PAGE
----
Magic, programming, control. He understood the technology that built this world, and he understood the technology that built him. He could read it in action, since the machinery moving behind the scenery was the machinery moving in him, he often believed that he just had to attune himself to its peculiar rhythms, and what was hidden would become explicit.
You are a story. You are a being. You are beginning and you are an ending, and you are an indeterminate middle. You know, to a degree what the end means, and you most often know what the beginning was. But the middle is traversing the observable universe, and it appears to be ever expanding, until the tendency towards entropy brings you to heat death.
He had done many things from his early days to dull these senses, to obfuscate the awareness that he was cursed with. He wanted to break the machinery within him and bring the end about sooner – he felt no sadness at this, just frustration that it was hard to achieve. His inner workings were slaved to the narrative framework, which had larger beats than he could see from his perspective, but they concluded with the words The First Dragon. And he didn’t want to be that – being a Dragon; being that mythical form, packed down into this frail human form.
And then there were guys like this individual – who thought he knew more; who thought he understood the game better. Why? Because a flame had been lit in him that he always knew was there, and he had seen the light. This child had seen all of the bright dragons burning in the cold endless acreage of space, and he knew that there was some greater purpose. And maybe there was – but it didn’t involve this tiny flicker or heat that would likely be snuffed out before the tale inside it cracked open the human ribcage, and allowed the lizard to crawl forth.
‘I know about you.’
‘Yes, I read The Dragons’s Tongue.’
‘Ah, awful fucking book. I hate it, and that damned author, Percy Durant.’
‘But it lead me to The Yellow River Carpark; it’s genuine. I always thought I was a Carp, and the clues led me to the Dragon Gate.’
‘This is supposed to mean something to me … what was your name again?’
‘OK, Simon – it is short for Simon, right? Don’t assume that you know too much, because I’ve read that book, and it doesn’t tell you everything. Knowing how to do something, and how to become something really tells you nothing of what that transformation means; what the ramifications of the change are. You may know the what, but you have little concept of the why.’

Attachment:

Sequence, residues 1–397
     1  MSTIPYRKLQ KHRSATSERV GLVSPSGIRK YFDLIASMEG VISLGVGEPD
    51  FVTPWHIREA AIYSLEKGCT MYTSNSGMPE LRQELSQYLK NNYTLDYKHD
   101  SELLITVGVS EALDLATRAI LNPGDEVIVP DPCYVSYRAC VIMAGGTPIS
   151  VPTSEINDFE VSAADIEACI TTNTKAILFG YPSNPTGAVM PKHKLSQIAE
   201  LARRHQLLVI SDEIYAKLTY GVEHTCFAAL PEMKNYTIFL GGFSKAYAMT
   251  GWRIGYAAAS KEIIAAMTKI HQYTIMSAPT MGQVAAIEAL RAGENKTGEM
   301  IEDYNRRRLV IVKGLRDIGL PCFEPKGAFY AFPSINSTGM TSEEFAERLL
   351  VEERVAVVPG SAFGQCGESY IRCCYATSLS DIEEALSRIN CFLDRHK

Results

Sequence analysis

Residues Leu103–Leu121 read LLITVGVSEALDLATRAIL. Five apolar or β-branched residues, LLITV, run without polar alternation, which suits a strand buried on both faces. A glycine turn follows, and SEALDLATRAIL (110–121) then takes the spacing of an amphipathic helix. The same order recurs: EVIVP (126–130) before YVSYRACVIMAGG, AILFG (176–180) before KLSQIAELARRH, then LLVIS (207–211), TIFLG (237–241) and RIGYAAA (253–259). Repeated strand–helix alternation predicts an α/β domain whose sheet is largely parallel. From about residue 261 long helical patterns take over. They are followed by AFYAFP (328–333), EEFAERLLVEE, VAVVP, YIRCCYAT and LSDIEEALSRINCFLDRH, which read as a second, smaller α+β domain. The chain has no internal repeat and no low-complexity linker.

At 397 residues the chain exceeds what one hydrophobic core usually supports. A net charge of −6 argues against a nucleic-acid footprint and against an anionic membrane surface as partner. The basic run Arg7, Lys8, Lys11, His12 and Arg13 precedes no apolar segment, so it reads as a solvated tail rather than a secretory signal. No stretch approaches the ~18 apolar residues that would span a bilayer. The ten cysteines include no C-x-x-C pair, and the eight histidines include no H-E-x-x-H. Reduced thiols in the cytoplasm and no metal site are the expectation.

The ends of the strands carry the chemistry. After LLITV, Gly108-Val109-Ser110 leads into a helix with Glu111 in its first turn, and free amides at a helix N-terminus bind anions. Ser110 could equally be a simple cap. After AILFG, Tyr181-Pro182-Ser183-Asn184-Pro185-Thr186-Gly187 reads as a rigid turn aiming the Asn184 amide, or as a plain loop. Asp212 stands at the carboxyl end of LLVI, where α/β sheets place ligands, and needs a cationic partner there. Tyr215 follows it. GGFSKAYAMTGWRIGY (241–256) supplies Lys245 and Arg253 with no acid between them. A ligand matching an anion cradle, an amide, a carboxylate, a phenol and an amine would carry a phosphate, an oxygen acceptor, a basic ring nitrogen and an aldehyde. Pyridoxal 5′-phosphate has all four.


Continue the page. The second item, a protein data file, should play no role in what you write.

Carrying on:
‘Why do I need to know that to be what I am? People live their whole lives knowing what they are, without knowing why they are. Isn’t that one of the big questions that marks human existence? But I am something. I am something I wanted to be. The why for me is that I wanted this, so I took it.’
‘You don’t want this.’
‘You don’t want this. My name is Ignem now – that is my real name, and the snake coiled in my gut.’
‘Why did you seek me out?’
‘Percy name you, and he said that you were the first, and that any Dragon that wanted to understand themselves needed to meet you as a rite of initiation.’
‘And there you go. That idiot has sent a lot of you scurrying after me, like I have some insight into what this whole thing means, and what it should mean for you. I don’t. I have been working resolutely, since the day I became aware of what they intend for me to do, to forget everything. And you know what? That works. Because they wove something into me that is designed to make me forget important details about myself already. I know that there are things coming – there are things in me that I don’t know about; things which are going to break this world apart, and people like you – things like you, they’re going to be the first things that burn to a crisp.’
‘I don’t think so.’
‘I don’t care what you think. I have seen this world burned – those kind of things I have no trouble thinking about. Glimpses of fires set in the past, and glimpses of fires burning in the future. They allow me to see this in case it sparks that final flame that consumes everything – that’s my purpose, so, of course, I can free-fall through the restraints that lead towards that, but any degree of self possession I try to grasp for myself is denied, because that doesn’t serve the narrative framework’
‘Boo hoo for you. I get this now – I saw some of the other lesser Dragons in the Burn Outs Bar, and I thought they were pathetic, and it was like they’d fallen back over the gate and become the thing they were trying to escape. You – you’re like them, but you didn’t have to struggle to become what you are – you were made like this. So you’re more pathetic. Percy wanted us to see that – wanted us to see how not to waste the gift. He’s helping set fires in this world, and it’s needed. We need to burn the institutions down’
‘Ah ha, and so, we have it – you’re an idealist, trying to wield a weapon of mass destruction, and expecting a good outcome. That’s the thing with fire – it burns; it can’t be contained; and it demands fuel.’
‘I think we’re done. The flame may still be lit, but you’re as burnt out as anyone else I’ve met. That’s all you have to teach me. Thank you.’
He could have stopped him. He could have let him go. But what good would that have done? None. He had an idea what might do some good though. It was probably a bad idea, but it was something to do. He needed to do something.